communication, etc.). In some embodiments, the controller 160 is configured to perform diagnostics on such data to identify a status of components of the vehicle 10 as operational, faulty, or trending towards a fault (i.e., failing). The controller 160 may therefore be capable of detecting and/or predicting maintenance items and/or potential component failures of the vehicle 10. The controller 160 may thereafter provide an indication or notification of the status of the components to the user I/O device 200 for display on the display screen 202 and/or to the remote server 300. In some embodiments, the user I/O device 200 is additionally or alternatively configured to perform such diagnostics based on the data received from the controller 160 and then generate the indication of the status of the components on the display screen 202. The user I/O device 200 may therefore be capable of detecting and/or predicting maintenance items and/or potential component failures of the vehicle 10. In some embodiments, the remote server 300 is additionally or alternatively configured to perform such diagnostics based on the data received from the controller 160 (e.g., received directly from the controller 160, received indirectly from the controller 160 via the user I/O device 200, etc.) and then transmit the indication of the status of the components to the user I/O device 200 for display on the display screen 202. The remote server 300 may therefore be capable of detecting and/or predicting maintenance items and/or potential component failures of the vehicle 10. In some embodiments, the status of the components is sent (e.g., by the remote server 300, the user I/O device 200, etc.) to the remote location 302 (e.g., a command center, a vehicle hub, a fleet manager, owner's place of business, etc.) for further analysis. [0045] In some embodiments, the controller 160, the user I/O device 200, and/or the remote server 300 are configured to facilitate ordering a failed or failing component of the vehicle 10 in response to such a detection. By way example, the user I/O device 200 may provide a component ordering interface to the operator of the vehicle 10 in response to a component of the vehicle 10 being identified as failed or failing (e.g., as determined by the controller 160, the user I/O device 200, the remote server 300, etc.). By way of another example, a computing device (e.g., a desktop computer, a laptop, etc.) at the remote location 302 may provide a component ordering interface to a fleet manager of the vehicle 10 or other suitable person in response to a component of the vehicle 10 being identified as failed or failing.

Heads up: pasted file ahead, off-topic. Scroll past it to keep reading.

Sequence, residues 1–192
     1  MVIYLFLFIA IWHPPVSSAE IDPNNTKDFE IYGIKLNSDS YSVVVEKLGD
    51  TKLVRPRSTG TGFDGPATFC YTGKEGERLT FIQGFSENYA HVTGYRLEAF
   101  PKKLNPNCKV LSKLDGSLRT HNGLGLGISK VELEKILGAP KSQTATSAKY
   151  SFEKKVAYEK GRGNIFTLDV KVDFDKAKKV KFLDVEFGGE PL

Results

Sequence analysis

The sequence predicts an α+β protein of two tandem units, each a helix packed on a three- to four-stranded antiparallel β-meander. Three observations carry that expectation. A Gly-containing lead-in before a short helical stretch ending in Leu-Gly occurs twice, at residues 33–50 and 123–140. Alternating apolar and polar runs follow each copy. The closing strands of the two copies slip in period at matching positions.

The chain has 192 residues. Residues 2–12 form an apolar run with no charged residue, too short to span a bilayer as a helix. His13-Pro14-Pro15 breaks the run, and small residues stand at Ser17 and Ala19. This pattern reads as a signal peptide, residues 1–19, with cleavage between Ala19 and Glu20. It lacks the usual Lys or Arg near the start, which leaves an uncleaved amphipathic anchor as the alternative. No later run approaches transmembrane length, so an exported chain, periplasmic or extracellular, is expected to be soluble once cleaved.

[0046] According to an exemplary embodiment, the portability of the user I/O device 200 facilitates providing troubleshooting and diagnosis right at the location of or in proximity of the issue (i.e., fault). This may advantageously prevent an operator from having to continually go back and forth between a display in the cab 20 and the area of concern, which can otherwise make troubleshooting troublesome and time consuming. By way of example, the user I/O device 200 may be configured to provide troubleshooting walkthroughs, schematics, manuals, and/or 3D models regarding the issue directly to the operator on the display screen 202 while positioned at the location of the issue (e.g., without the operator having to search or request such information to facilitate the diagnosis and/or troubleshooting, etc.). For example, the user I/O device 200 may be configured to provide step-by-step instructions on where the fault or issue is located on the vehicle 10, how to identify the component or components that are faulty once arriving at the location on the vehicle 10, and/or how to inspect, repair, recalibrate, and/or replace the faulty component. As another example, the user I/O device 200 may pull up the representations (e.g., schematics, models, etc.) of the failed component to help the operator locate the component on the vehicle 10. As yet another example, the user I/O device 200 may direct the operator to a location in the manual for the vehicle 10 associated with the type of fault or failed component.